Panelgraph Editorial Meeting July 2015: Dragon riders + Gary Choo

26 Jul

I attended my first ‘official’ Panelgraph meeting yesterday.

Don’t get me wrong. I have been to a few Panelgraph gatherings before, usually held at the food court of Funan Digital Life Mall on weekday evenings, but this was the first time it’s at a pre-booked venue – the Programme Zone of the Toa Payoh Library *and* on a weekend.

Before I get ahead of myself, allow me to give you the lowdown on what Panelgraph is all about.

Started by JF Koh, a comics creator and enthusiast based in Singapore, Panelgraph is a collective which, to quote their Facebook page, ‘aims to produce a free online quarterly comics anthology for writers and artists to hone the craft of creating original comics’. Apart from the overarching goal of putting out a free online magazine, it is also JF’s intention to promote collaborations between writers and artists to create comics, something which isn’t the norm around this part of the world.

The cover of the latest issue of Panelgraph (Volume 3), which you can read for free by clicking on the image.

I’ve known JF through his tireless efforts in organising the Singapore editions of 24-Hour Comics Day, so Panelgraph was naturally the next logical step in his efforts to build a sustainable and nurturing environment for comic creators in Singapore.

The monthly meetings such as this one aims to be a place for comic creators, writers, and enthusiasts to network, collaborate, share their knowledge, pitch, and work on their projects (which ideally could be submitted for the aforementioned free online anthology). In terms of the genres of comics they’re looking for, they are more focused on science fiction, fantasy, horror and other popular genres. As JF puts it, Panelgraph likes ‘heroes, villains, babes, monsters, robots, ninja, zombies, time travel, adventure, romance, comedy, anything larger than life’. 

So back to yesterday’s meeting. According to the Facebook event page, the meeting was supposed to be divided into two parts: Part 1 was for Comics Creation between 2 to 4,30pm with a focus on the bonus theme ‘Dragon Riders’, and Part 2 was for a talk by Marvel Cover Artist Gary Choo between 4.30pm to 6pm.

I arrived at the Toa Payoh Library’s Level 3 Programme Zone at 2pm sharp, and ended up being the first person there. Thankfully, my friend Sarah joined me shortly after, so we sat in the area next to the Programme Zone where we could spot others once they went in. The library staff set up the projector systems and such by 2.15pm, and by that time JF was already inside the Programme Zone with a few others, so in we went.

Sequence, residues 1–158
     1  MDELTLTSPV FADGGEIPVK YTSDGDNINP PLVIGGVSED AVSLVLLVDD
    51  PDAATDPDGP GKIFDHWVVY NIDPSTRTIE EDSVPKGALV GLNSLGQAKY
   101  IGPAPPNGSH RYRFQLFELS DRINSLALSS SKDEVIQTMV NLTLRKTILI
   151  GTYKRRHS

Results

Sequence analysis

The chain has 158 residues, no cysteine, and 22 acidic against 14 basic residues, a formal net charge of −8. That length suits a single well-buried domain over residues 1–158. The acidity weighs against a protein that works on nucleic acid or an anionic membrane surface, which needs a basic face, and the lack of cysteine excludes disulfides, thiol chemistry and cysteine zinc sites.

We had a ball of a time as more and more artists shuffled in as it got closer to 4.30pm when Gary’s talk was scheduled to start. Throughout the time leading up to Gary’s talk, I kept wondering if it would start soon as I had assumed it would be at 2pm and that the comics creation session would follow after, until someone pointed it out to me that I had gotten the schedule wrong.

Note to self: I should really get my eyes checked.

There were many familiar faces mingling at the meeting, such as Jerry Teo (the creator of Rex Regrets) and Elvin Ching. I managed to work on my own collaborative project with Wayne Rée (whom we finally managed to give a belated birthday present to) so I would say that it was a pretty productive session for me at least. JF, being the catalyst for social links, introduced a new writer with a story to polish to Wayne and Sarah (both of whom are published writers in a room mostly full of artists), who was grateful for the tips and feedback he received.

Gary Choo, about to start his talk on ‘Creating Covers for Marvel Comics’.

Gary Choo’s talk started right on time, and despite a few technical issues with the slides and PA system, it was an illuminating insight into his growth as an artist and a glimpse behind the scenes of creating a cover image for Marvel from draft to final art. This talk, we were told, was first presented at the Asian Festival of Children’s Content in June 2015 where he was invited to speak.